Erin A. Snider is an Eric & Wendy Schmidt Fellow at New America. She will begin a new book project on the political economy of transition in the Arab world exploring the economic antecedents and consequences of the 2011 uprisings. She is currently an assistant professor of international affairs at Texas A&M University’s George H.W. Bush School of Government and Public Service, where her research focuses on the political economy of development in Arab world, particularly in Egypt. She is presently finishing a book manuscript on the political economy of U.S. democracy aid in the Middle East. Previously, she was a fellow in middle east political economy at Princeton University’s Niehaus Center for Globalization and Governance. She was a Gates Scholar at the University of Cambridge, where she earned her PhD, and a graduate of the University of London’s School of Oriental and African Studies and James Madison University.

Phil Sands

Phil Sands

Eric & Wendy Schmidt Fellow

Phil Sands is an Eric & Wendy Schmidt Fellow at New America. He is writing a book focused on a single murder committed in the opening months of the Syrian revolution, which exposes new details about the start of the revolt and the country’s descent into civil war. He has worked as a Middle East reporter for over a decade, and his writing has appeared in GQEsquireLe MondeThe Independent and The National, as well as specialist regional publications.  He was based in Damascus from 2007 through 2013 as The National’s Iraq and Syria correspondent. Phil is currently a correspondent for The National, specializing in in-depth stories on Syria’s southern front.

Tim Shenk

Timothy Shenk

New America National Fellow

Timothy Shenk is National Fellow at New America. He will write a book examining the surprisingly short history of the economy, a concept that began the twentieth century as an obscure notion of interest mostly to a small group of economists, but soon became the dominant subject of political debate across the globe. He attended Cambridge University on a Kellett Fellowship, received a doctorate in history from Columbia University, and is currently a Mellon postdoctoral fellow at Washington University in St. Louis. His first book, Maurice Dobb: Political Economist, was published by Palgrave Macmillan in 2013, and his work has appeared in a variety of outlets, including the Nation, the Chronicle of Higher Education, and Dissent, where he is also the associate book review editor.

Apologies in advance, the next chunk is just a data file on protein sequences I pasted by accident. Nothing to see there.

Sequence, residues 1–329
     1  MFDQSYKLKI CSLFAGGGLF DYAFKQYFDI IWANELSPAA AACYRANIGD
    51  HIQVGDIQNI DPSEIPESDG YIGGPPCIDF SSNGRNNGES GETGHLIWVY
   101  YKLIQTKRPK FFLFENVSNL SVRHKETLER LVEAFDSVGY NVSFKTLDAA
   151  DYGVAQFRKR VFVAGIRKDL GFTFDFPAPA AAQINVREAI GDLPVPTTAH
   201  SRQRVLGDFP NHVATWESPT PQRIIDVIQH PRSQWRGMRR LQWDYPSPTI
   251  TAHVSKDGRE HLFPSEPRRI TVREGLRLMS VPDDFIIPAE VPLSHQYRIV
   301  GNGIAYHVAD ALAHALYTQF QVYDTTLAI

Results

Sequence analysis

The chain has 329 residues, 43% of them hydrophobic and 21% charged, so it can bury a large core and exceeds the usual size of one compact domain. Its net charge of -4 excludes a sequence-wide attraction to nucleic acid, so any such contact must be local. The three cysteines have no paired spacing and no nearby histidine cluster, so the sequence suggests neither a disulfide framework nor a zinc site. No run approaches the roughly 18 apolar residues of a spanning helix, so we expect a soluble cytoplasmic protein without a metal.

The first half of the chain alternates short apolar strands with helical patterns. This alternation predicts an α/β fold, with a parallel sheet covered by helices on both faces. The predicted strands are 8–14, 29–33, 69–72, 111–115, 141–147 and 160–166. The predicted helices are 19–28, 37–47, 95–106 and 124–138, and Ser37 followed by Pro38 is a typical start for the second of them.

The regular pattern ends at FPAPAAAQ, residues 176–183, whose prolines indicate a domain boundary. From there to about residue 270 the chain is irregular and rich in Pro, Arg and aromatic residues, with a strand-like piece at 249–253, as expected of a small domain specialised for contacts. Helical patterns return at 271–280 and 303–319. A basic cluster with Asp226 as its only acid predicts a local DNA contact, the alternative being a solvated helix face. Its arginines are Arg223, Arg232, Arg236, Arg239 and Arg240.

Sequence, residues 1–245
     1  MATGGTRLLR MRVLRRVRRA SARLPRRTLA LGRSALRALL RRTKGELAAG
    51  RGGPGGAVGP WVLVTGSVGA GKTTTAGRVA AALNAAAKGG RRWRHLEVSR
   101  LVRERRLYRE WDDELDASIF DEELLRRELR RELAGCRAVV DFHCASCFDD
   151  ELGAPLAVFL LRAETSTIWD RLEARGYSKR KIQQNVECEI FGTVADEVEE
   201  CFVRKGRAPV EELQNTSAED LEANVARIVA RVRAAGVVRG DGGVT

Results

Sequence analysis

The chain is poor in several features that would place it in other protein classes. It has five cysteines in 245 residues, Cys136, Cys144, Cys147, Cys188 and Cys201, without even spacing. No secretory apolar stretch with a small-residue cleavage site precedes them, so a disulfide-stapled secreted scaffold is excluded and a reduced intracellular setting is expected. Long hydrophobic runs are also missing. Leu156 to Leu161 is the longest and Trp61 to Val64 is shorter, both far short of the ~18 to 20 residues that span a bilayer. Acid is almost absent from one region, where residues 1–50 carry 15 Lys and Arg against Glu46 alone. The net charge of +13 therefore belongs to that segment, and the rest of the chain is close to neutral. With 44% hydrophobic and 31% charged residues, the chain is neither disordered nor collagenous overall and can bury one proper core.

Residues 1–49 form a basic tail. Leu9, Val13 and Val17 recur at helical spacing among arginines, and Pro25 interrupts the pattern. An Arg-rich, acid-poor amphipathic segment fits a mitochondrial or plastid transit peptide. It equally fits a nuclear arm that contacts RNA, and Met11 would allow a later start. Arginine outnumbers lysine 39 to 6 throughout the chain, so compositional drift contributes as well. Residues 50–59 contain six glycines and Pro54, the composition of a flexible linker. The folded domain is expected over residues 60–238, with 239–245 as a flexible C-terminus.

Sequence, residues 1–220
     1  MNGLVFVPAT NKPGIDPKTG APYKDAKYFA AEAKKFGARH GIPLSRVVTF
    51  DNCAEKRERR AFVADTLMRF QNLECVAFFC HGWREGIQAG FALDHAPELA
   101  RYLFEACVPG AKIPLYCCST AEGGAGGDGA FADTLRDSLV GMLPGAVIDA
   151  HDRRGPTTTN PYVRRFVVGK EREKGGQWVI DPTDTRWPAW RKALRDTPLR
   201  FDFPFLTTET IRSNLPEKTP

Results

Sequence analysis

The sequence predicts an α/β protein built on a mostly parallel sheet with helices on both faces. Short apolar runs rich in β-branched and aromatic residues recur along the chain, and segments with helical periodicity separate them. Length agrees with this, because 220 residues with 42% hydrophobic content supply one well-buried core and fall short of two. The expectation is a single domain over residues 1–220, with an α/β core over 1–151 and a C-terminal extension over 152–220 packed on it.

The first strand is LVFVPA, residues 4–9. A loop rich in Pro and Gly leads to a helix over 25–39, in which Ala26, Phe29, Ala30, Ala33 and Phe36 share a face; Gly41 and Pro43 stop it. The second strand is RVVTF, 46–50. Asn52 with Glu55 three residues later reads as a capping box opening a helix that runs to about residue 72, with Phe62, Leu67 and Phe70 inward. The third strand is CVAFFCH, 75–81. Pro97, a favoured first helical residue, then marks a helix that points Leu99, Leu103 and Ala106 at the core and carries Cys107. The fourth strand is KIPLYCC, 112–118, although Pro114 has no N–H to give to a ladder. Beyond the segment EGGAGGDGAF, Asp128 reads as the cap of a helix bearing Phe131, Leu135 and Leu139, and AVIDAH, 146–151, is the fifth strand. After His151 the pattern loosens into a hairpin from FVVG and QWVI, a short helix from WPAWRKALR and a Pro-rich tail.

Lauren Henry Scholz

Lauren Henry Scholz

Eric & Wendy Schmidt Fellow

Lauren Henry Scholz is an Eric & Wendy Schmidt Fellow at New America. She will write a book on the recent rise of privacy protective technologies and organizational strategies, and will discuss how this pro-privacy boom in corporate strategy can be entrenched and reinforced. She is currently a postdoctoral fellow at Harvard Law School's Project on the Foundations of Private Law. Previously,  she was a postdoctoral fellow at Yale Law School's Information Society Project. Her scholarly work on law and technology has or will appear in Iowa Law ReviewCardozo Law Review, and Stanford Technology Law Review. She is a graduate of Yale College, and has a J.D. from Harvard Law School.

Paul Wood

Paul Wood

Eric & Wendy Schmidt Fellow

Paul Wood is an Eric & Wendy Schmidt Fellow at New America. He will write a book about Syria’s unending war, having spent four years covering the conflict for the BBC. The book will be a record of the people he met in the uprising, most now dead. He was smuggled over the border into Syria many times to report on the country’s rebel movement. His stories have won two Emmys, a Peabody, and he was twice awarded the US Radio and TV Correspondents’ Association David Bloom award for foreign reporting. He was also the UK Foreign Press Association’s journalist of the year. Wood has covered a dozen conflicts in a 20 year career as a BBC foreign correspondent: in Afghanistan, Iraq, Chechnya, Darfur, Libya, Israel and the Palestinian territories, the Balkans, and Ukraine.